There are many questions on a college application that may seem like they're not straight forward and meant to trick you. But really, these questions are designed to give the you the opportunity to express your creativity and your passions.
Many colleges ask you to “give us your top 10” or “a list of your favorites” and many students are left saying “Top 10 of what? Favorite what?!?” It can be easy to stress over these questions and try to tailor your answer to what you think that specific college wants to hear but there are better ways to go about it.
1. There is no wrong answer.
Just because you are applying to become a Chemistry major doesn't mean you have to list your top 10 favorite elements on the periodic table. You can just as easily list your favorite songs, NBA players, types of dogs, or movie characters. There is no designed direction for you to take and with this question the college is giving you an opportunity to be as creative and original as possible.
2. Respond in ways that reflect who you are.
Whatever your answer may be, you should make sure that it is reflective of your interests, skills and/or passions. It should be another aspect of your application that helps tell your story. For my application to Wake Forest I provided a list of the top 10 places that were most meaningful to me. In the interview I was actually asked about my list and to explain it in more detail. I was able to go through each location I listed and describe how it shaped me as a person. I was able to explain my three week home-stay in Salamanca, Spain and how it reflected my passion for travel as well as my interest in learning about new cultures. This gives the college insight to who you are and what you value.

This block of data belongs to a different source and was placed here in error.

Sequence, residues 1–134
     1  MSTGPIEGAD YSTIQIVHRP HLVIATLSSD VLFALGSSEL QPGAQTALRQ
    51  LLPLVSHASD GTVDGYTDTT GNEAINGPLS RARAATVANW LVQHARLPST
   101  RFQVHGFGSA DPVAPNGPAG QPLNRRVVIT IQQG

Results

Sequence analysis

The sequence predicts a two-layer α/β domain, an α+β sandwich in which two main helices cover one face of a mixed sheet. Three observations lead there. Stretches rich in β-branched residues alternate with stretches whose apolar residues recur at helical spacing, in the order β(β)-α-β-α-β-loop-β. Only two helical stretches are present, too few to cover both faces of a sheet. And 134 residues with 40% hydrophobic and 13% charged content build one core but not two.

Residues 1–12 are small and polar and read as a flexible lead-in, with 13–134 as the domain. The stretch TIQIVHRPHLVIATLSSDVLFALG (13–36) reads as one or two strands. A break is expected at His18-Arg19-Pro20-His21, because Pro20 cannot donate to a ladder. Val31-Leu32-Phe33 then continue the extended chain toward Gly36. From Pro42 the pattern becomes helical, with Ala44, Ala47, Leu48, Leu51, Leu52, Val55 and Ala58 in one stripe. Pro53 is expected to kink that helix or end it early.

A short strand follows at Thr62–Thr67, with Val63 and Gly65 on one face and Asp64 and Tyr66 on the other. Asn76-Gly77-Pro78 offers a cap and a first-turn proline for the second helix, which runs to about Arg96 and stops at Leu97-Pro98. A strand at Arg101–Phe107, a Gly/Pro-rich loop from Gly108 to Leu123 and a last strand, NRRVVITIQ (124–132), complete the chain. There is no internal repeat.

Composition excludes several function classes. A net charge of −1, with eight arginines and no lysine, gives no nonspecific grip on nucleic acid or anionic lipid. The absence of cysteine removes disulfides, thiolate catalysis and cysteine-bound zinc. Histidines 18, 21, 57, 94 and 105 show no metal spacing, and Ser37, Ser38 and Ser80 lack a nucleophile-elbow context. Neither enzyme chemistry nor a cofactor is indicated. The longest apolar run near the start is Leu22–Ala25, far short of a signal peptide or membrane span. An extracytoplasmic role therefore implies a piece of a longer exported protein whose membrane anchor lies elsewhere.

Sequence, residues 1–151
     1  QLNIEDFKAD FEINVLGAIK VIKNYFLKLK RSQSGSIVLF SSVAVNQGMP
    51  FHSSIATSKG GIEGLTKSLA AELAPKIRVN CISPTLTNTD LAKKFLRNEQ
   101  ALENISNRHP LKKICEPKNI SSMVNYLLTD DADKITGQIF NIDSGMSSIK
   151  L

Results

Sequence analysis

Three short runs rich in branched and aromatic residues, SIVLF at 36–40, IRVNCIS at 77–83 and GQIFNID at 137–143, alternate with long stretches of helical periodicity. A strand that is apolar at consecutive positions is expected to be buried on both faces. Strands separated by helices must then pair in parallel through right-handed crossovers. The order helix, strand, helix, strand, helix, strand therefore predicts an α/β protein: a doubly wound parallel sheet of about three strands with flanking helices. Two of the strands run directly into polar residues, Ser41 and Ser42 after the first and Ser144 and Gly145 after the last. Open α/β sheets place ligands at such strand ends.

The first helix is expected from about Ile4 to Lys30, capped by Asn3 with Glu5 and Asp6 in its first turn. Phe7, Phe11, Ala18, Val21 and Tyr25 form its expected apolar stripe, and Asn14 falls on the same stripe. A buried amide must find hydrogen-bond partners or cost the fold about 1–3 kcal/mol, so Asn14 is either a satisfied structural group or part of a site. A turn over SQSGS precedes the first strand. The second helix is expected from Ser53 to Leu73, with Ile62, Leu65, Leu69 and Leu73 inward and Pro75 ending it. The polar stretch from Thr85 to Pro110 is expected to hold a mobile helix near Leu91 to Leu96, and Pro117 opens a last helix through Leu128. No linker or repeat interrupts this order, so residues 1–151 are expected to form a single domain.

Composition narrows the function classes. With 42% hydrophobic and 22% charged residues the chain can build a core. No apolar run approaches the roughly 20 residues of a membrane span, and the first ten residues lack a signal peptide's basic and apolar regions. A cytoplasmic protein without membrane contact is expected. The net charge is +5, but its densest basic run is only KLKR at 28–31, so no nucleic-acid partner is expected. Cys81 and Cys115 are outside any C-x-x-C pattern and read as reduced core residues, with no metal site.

3. Try to differentiate yourself.
Most questions on college applications are straightforward and the format of the student’s answers varies only slightly. When colleges add a vague question on their application you should take advantage of the opportunity to separate yourself from the other candidates. Rather than spending time thinking about what the college wants you to say, you should spend that time trying to be as original as possible while still making your answer relevant to your interests. This shows the college that you are an outside-of-the-box thinker while still adding to your own personal story.
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